January 28, 2016
In late 2009, the SEC passed a rule requiring companies to disclose experience, qualifications, attributes or skills for each director on the board or up for nomination, and this information has become highly valued among shareholders. Companies choose to present this information in a variety of ways, and more and more, attention is being drawn to board skills matrices, which clearly and visually categorize essential skills and values a company seeks in a board member or candidate.
These matrices provide an opportunity for companies to express to their shareholders not only who they think is qualified to be a board member but also why. Since every company has its own array of qualities deemed to be the most important to its operations, clear board skills disclosures often reveal strategic insight into the company, and can assist in warding off increasing shareholder activism concerns around board member qualifications.
“Investors are increasingly focused on whether or not the board has the right skill set and industry expertise needed to oversee the company’s short and long-term strategy,” said Lillian Tsu, a partner with Hogan Lovells, who contributed commentary for Equilar’s annual Compensation & Governance Outlook report. "Companies are being asked to provide more disclosure explaining the qualifications for incumbent directors and how they are ensuring that the board has the right mix of skills, [which] has led to more rigorous board evaluations and director recruitment efforts.”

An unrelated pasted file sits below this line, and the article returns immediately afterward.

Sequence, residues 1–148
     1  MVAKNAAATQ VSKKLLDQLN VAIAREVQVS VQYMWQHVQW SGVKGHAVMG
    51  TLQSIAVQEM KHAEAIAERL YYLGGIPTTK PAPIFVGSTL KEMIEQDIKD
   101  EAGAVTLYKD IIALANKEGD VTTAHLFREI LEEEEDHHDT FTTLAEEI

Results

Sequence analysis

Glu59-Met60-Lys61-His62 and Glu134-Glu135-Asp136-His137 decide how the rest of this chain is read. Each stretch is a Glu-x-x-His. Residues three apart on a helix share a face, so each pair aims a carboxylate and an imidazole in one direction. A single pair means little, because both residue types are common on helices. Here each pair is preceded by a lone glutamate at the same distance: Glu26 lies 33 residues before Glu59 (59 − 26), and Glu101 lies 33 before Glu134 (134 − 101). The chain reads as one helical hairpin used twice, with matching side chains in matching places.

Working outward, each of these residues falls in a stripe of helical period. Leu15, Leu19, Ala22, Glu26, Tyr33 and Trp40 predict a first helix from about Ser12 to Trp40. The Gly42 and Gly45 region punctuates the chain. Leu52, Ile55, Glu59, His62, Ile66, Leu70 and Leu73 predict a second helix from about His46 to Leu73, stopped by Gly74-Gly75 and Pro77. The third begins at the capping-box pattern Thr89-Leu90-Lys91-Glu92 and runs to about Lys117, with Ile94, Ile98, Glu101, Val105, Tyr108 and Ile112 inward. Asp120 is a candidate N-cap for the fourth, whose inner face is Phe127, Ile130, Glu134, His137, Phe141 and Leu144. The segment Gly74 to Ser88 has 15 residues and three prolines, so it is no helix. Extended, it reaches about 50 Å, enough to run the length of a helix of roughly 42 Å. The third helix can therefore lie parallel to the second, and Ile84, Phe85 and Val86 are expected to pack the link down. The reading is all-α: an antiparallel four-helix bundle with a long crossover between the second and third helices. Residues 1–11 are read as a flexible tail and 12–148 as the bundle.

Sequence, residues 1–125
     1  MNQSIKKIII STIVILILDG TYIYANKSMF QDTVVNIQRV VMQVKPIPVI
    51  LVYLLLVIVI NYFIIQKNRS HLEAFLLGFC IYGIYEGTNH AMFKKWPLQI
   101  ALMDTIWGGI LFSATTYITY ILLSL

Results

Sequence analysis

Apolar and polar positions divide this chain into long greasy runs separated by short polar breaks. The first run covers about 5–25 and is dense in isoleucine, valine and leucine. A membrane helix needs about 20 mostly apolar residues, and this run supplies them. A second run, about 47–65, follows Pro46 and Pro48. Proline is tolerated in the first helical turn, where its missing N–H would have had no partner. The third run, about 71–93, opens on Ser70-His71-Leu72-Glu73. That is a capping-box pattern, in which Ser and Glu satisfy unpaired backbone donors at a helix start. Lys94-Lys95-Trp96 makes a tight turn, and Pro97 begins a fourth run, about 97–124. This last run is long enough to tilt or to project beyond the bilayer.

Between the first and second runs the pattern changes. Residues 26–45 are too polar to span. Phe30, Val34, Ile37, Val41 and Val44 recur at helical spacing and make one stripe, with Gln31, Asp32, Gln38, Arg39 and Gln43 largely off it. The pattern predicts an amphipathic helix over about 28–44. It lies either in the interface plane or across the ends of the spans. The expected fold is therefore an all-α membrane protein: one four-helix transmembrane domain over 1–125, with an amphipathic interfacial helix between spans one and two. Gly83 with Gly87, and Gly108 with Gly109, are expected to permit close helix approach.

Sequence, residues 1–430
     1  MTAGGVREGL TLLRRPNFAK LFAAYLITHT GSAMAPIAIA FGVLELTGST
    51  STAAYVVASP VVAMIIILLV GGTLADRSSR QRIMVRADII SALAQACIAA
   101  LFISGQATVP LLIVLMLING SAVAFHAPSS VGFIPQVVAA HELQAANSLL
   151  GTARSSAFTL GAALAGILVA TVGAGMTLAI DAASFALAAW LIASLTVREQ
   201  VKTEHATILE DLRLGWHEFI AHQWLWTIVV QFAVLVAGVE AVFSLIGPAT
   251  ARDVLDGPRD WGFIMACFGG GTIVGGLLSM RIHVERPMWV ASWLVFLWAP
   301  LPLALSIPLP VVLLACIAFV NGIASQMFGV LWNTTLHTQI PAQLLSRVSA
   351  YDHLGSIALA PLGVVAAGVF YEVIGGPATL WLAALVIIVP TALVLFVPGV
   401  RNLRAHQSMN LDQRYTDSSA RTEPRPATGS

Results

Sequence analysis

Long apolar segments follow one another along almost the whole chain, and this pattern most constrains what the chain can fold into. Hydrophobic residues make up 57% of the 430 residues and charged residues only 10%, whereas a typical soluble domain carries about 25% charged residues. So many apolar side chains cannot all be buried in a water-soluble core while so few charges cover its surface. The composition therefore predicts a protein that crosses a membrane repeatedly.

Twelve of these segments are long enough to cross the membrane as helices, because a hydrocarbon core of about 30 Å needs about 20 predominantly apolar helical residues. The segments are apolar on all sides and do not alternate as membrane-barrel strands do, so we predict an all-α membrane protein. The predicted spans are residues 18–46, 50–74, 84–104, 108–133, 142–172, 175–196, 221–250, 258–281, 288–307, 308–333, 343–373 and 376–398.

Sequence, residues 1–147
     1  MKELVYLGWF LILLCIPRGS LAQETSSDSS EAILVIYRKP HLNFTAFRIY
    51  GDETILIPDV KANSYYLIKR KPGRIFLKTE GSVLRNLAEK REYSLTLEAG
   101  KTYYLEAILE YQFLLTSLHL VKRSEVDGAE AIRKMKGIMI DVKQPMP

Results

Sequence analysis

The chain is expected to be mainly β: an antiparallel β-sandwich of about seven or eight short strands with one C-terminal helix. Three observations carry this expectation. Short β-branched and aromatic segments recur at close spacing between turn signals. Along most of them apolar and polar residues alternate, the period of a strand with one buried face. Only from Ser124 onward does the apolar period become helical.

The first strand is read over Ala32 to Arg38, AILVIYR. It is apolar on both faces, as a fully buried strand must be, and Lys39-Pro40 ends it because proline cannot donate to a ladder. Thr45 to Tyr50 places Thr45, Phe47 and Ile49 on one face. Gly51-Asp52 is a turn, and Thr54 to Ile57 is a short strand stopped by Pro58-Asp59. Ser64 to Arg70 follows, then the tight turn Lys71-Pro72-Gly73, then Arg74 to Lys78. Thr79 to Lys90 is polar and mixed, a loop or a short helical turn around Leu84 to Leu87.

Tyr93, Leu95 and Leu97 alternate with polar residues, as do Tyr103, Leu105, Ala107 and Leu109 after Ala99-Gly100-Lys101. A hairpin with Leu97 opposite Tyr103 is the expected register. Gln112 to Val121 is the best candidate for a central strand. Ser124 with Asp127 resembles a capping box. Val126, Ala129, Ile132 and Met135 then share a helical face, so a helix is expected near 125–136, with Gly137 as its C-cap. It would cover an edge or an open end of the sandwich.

Despite the fact that companies and shareholders alike view board skills matrices as useful, only 7% of the S&P 500 and 6% of the TSX disclosed them in their 2015 proxy statements, according to Equilar.
Of those companies who utilized skills matrices in their proxy statements, we analyzed the most frequently cited qualities, finding that finance, the company’s industry and leadership experience are among the most sought-after skills. These statistics show that while the introduction of the board matrices represents progress towards greater transparency between companies and their shareholders, the qualities most often included are general, and some appear to overlap one another.
Board matrices represent a shift toward greater understanding of board members’ contributions, but they remain few and far between. And while they provide insight for into the qualities of current and proposed board members, they are simply one portion of the full package in addressing board assessment and diversity issues such as age, tenure and gender that continue to come into question among activists. The degree to which these disclosures become more prevalent and more detailed will ultimately determine their broader value to shareholders.
The data in this report is powered by Equilar’s BoardEdge, which not only includes information on 135,000 directors and executives qualified for board service, but also more than a dozen categories about each board member’s background and leadership experience, but also features a network tool clearly displaying how board members are connected to each other.
For more information on BoardEdge, or to request a demo, click here.
For more information on Equilar’s research and data analysis, please contact Dan Marcec, Director of Content & Marketing Communications at email@example.com.